Things have taken a much more sinister turn in Catalonia, without sufficient notice being paid internationally. The leader of the Catalan regional police force has been formally arraigned for sedition by the Spanish attorney general, for refusal to comply enthusiastically with the beating up of old women. That carries a minimum jail sentence of four years. It is the first step towards major imprisonment of Catalan leaders. It is also extremely significant that this first step is aimed at decapitating the only disciplined and armed force under some measure of Catalan government control. What does that tell you about Rajoy’s next move?

      This extreme action against Major Trapero is precisely in line with last night’s ultra hardline address by a man with the comic opera name of Felipe Juan Pablo Alfonso de Todos los Santos de Borbón y Grecia. It is hard to take seriously anyone named after a whiskey, but we live in such a strange world that this unelected, far right and immensely corrupt, inbred buffoon could spout about democracy and accuse anyone who did not bow the knee to him of disloyalty and sedition. That precisely prefigures the legal action taken against Major Trapero. It can only be a precursor to a Spanish attempt to impose physical control on Catalonia and imprison its leaders. Having rejected both dialogue and mediation, I see no other direction Rajoy will take.

    • The EU Doubles Down on Backing For Rajoy

      Timmerman said “rule of law” an amazing 12 times during his brief closing statement, and said “human rights” or “fundamental rights” precisely zero times. At no stage did Timmermans acknowledge that the Spanish Guardia Civil had viciously attacked peaceful civilians of all ages.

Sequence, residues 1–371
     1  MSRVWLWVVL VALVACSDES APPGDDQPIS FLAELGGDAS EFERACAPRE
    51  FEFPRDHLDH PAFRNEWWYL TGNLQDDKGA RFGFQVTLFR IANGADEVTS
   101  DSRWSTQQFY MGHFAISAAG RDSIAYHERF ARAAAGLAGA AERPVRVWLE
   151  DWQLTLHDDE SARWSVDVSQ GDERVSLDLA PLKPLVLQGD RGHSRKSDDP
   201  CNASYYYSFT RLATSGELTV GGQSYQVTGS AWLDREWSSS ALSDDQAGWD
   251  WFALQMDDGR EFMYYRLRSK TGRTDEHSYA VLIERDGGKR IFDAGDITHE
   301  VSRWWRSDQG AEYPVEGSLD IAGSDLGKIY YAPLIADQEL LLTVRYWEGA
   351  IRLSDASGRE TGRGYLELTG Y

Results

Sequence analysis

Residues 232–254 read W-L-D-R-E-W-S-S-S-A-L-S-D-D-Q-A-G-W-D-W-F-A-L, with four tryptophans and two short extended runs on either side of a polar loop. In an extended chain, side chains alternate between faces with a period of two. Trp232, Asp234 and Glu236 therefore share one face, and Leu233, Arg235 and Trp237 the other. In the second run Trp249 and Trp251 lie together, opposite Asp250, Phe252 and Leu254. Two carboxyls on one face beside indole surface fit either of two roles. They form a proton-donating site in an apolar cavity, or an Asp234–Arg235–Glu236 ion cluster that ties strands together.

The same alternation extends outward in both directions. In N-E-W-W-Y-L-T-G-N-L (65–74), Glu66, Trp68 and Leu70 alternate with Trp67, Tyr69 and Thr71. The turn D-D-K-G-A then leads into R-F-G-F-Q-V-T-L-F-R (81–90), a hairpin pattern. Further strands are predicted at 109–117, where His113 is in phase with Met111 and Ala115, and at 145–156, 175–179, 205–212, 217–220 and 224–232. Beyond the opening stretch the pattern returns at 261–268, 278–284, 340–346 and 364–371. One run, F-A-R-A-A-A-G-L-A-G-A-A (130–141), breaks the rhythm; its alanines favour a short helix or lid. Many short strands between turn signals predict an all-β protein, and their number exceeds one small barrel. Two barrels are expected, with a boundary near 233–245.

[...]

      It was, in short, horrific. I am afraid to say that it left me in no doubt whatsoever that I have made the right choice in declining further to support membership of the EU.

  • Censorship/Free Speech

    • Trump Wants to Censor the Media

      Frustrated with a set of damning reports about his relationship with Secretary of State Rex Tillerson—including the nugget that Tillerson called him a “moron” (perhaps with an R-rated modifier)—the president offered a new suggestion on Twitter Thursday morning: Why not explore government censorship of the press?

    • Cloudflare Bans Sites For Using Cryptocurrency Miners

      Web-based cryptocurrency miners became a big thing recently when The Pirate Bay trialed one to generate extra revenue. Now, however, TorrentFreak has learned that Cloudflare has banned at least one torrent proxy site for deploying a miner on its platform. According to Cloudflare, unannounced miners are considered malware.

    • Amber Rudd: viewers of online terrorist material face 15 years in jail

      Asked by an audience member if she understood how end-to-end encryption actually worked, she said: “It’s so easy to be patronised in this business. We will do our best to understand it. We will take advice from other people. But I do feel that there is a sea of criticism for any of us who try and legislate in new areas, who will automatically be sneered at and laughed at for not getting it right. I don’t need to understand how encryption works to understand how it’s helping the criminals,” she went on. “I will engage with the security services to find the best way to combat that.”

    • Former Revenge Porn Site Operator Readies For Senate Run By Issuing Bogus Takedown Requests To YouTube